Prussian Garrison Regiment V

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Hierarchical Path: Seven Years War (Main Page) >> Armies >> Prussian Army >> Prussian Garrison Regiment V

Origin and History

The regiment was raised in 1741 to garrison the recently captured Fortress of Glogau (present-day Głogów). It initially counted 2 battalions.

On August 15 1755, the regiment was increased to 4 battalions. The 2 new battalions had no grenadier company. They garrisoned Fauer and Schweidnitz

The district of Glogau became the recruiting canton of the regiment until 1747 when it was allowed to recruit in the districts of Breslau, Glogau, Liegnitz and Frankenstein. Until 1756, its garrison places were Züllichau, Crossen, Drossen, Beeskow and Sommerfeld.

During the Seven Years' War, the regiment was under the command of:

  • since August 6 1743: Friedrich Julius von Mützschefahl
  • from February 18 1759 to September 10 1763: Gustav Adolf von Sydow (aka Jung-Sydow)

After the war, the regiment retained its four battalions who garrisoned the places of Züllichau, Crossen, Drossen, Jauer, Striegau and Neumarkt.

Service during the War

1st and 2nd Battalions

On July 28 1756, the regiment received orders to prepare itself to relieve regular field infantry regiments in Schweidnitz.

In August 1757, the first and second battalions of the regiment were part of the small Prussian force assembled in Silesia by Major-General von Kreytzen to oust the Austrian corps occupying Landeshut. On August 13, they took part in the first combat of Landeshut. On November 12, these two battalions surrendered as prisoners of war at the end of the siege of Schweidnitz.

In April 1758, the recently exchanged first and second battalions joined the army of Frederick II who laid siege to Schweidnitz and recaptured the fortress on April 18. From May to July, these battalions took part in the invasion of Moravia and in the unsuccessful siege of Olmütz, fighting in the Combat of Domstadl where they suffered heavy losses.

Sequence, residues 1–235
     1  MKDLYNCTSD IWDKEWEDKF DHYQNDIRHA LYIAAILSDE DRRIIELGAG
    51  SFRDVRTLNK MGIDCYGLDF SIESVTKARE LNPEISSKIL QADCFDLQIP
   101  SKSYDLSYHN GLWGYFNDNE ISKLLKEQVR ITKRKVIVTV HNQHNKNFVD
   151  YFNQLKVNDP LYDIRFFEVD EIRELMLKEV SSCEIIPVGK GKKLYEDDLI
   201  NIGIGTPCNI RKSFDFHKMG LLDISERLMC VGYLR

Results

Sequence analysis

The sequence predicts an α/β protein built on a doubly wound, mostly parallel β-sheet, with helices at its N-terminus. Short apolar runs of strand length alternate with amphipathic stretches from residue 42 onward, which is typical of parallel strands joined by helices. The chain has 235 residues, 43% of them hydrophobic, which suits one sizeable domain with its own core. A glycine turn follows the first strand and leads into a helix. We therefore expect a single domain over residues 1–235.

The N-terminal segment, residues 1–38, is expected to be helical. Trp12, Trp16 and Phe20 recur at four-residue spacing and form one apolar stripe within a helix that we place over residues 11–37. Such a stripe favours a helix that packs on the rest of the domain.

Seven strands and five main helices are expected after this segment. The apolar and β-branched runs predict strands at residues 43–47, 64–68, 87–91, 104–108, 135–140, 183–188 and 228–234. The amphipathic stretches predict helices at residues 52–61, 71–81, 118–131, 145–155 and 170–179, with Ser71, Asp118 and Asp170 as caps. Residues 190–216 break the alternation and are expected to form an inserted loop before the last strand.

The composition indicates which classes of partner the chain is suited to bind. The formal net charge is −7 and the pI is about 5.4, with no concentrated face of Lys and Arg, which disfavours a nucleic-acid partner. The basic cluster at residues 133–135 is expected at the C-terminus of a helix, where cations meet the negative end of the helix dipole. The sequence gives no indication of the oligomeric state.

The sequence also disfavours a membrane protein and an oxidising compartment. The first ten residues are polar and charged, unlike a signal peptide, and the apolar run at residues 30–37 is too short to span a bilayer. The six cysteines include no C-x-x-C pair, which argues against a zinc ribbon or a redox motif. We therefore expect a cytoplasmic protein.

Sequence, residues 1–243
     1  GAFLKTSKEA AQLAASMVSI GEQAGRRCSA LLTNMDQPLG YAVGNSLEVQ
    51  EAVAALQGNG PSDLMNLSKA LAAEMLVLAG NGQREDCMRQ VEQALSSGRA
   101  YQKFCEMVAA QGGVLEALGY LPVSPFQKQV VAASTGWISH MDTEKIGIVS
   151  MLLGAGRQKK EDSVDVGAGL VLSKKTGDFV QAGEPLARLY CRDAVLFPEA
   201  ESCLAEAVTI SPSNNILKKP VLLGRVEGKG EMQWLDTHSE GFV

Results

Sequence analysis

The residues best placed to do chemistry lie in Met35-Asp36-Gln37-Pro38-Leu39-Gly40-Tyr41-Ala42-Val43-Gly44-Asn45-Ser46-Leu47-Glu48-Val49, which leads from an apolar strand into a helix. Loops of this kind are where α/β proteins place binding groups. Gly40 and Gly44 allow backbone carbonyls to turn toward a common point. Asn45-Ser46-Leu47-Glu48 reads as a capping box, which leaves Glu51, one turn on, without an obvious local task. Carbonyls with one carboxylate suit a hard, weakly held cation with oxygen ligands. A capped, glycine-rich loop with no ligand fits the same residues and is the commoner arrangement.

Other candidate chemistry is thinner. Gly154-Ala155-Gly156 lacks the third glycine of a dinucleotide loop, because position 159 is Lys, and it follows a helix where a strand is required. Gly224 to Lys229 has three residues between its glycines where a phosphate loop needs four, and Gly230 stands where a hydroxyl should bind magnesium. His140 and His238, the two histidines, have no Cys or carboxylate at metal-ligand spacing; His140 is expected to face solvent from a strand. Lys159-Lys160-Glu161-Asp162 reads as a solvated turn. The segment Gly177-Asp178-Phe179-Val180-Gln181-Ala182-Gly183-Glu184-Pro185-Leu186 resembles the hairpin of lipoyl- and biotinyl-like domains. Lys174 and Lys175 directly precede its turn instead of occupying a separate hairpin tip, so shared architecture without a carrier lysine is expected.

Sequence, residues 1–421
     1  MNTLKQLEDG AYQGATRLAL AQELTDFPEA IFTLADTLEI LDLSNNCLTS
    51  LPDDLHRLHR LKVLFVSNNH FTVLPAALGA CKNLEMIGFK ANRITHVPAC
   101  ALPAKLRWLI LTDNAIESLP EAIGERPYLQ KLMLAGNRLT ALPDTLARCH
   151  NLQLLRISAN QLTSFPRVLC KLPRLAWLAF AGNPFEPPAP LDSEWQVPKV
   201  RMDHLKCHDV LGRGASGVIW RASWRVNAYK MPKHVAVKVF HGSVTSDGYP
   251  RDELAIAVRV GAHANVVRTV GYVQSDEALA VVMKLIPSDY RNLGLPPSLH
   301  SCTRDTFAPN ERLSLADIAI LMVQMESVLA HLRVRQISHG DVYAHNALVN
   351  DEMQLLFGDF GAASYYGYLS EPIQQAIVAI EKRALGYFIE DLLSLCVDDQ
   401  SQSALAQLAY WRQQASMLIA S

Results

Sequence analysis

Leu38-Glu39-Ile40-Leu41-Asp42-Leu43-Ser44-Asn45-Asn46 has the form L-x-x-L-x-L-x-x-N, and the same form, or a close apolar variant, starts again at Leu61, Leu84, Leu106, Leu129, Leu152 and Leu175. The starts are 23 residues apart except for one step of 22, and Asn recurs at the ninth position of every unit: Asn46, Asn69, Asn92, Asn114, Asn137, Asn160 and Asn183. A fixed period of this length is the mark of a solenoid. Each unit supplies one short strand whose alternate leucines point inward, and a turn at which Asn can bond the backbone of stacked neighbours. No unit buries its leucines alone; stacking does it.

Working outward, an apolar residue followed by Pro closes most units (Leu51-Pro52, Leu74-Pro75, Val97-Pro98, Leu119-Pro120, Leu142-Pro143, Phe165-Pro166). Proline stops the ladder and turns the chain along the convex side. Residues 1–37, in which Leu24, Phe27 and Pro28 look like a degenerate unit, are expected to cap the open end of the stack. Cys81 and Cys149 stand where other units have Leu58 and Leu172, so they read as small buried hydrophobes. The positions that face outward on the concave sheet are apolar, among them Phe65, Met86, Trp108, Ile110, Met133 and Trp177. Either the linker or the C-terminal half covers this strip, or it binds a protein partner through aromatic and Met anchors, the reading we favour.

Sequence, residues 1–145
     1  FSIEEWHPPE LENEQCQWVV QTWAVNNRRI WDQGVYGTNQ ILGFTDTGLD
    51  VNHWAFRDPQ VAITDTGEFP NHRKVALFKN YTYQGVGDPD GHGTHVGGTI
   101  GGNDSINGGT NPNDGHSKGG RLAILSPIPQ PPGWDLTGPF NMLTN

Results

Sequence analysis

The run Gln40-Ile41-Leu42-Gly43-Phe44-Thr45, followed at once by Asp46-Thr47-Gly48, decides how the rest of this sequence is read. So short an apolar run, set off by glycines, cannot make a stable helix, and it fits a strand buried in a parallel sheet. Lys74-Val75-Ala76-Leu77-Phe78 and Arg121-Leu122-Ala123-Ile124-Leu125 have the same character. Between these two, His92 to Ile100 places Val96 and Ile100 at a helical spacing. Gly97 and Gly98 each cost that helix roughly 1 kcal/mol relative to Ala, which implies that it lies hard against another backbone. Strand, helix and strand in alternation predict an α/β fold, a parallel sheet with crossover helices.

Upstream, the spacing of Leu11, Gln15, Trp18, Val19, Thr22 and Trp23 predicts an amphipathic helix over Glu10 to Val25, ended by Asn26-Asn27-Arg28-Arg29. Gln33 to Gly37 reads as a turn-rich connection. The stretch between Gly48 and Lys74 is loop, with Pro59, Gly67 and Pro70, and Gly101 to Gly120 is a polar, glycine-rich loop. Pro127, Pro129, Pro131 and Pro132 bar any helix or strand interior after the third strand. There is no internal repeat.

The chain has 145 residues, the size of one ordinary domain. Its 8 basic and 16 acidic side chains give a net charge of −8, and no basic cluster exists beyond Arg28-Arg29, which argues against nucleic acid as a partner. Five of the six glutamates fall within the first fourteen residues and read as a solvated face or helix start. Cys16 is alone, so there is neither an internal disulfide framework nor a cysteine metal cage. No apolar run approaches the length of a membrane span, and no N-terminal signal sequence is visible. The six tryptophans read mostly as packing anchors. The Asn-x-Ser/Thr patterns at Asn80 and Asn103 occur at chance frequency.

On July 23 1759, the first and second battalions of the regiment took part in the Battle of Paltzig (aka Kay) where they formed part of the rearguard under Major-General von Wobersow. Three weeks later, on August 12, these battalions fought in the bloody Battle of Kunersdorf where they were deployed in the second line of the centre left infantry as part of Itzenplitz's Brigade in Lieutenant-General Kanitz's Division.

On September 17 1760, the first and second battalions of the regiment took part in the Combat of Hochgiersdorf.

From 1761 to 1762 in the Saxon theatre with the army of Prince Henri.

3rd and 4th Battalions

During the entire war, the third and fourth battalions assumed garrison duties in Silesia.

From July to November 1758, these two battalions took part in the defence of Cosel.

In October 1760, these battalions participated once more in the defence of Cosel.


During the war the grenadiers from the wing grenadier company were put together with the grenadiers of Garrison Regiment X, forming the Standing Grenadier Battalion Nr. V (G-V/G-X Rath) (please refer to this article for the details of the service of the grenadiers during the war).


Exceptionally the musketeers and grenadiers of this regiment wore different uniforms. The present article describes the uniform of the musketeers. For the uniform of the grenadiers, please refer to the article dedicated to Standing Grenadier Battalion Nr. V (G-V/G-X Rath).


Uniform in 1756 - Source: Kronoskaf
Uniform Details
Musketeer black tricone without lace with 1 brass button, 1 black within white pompom and 1 white tassel in each lateral corne
Grenadier mitre cap with polished brass front plate; white headband edged with a white braid bordered black and decorated with brass ornaments; white backing piped with a white/black braid (same as above); black within white pompom
Neck stock black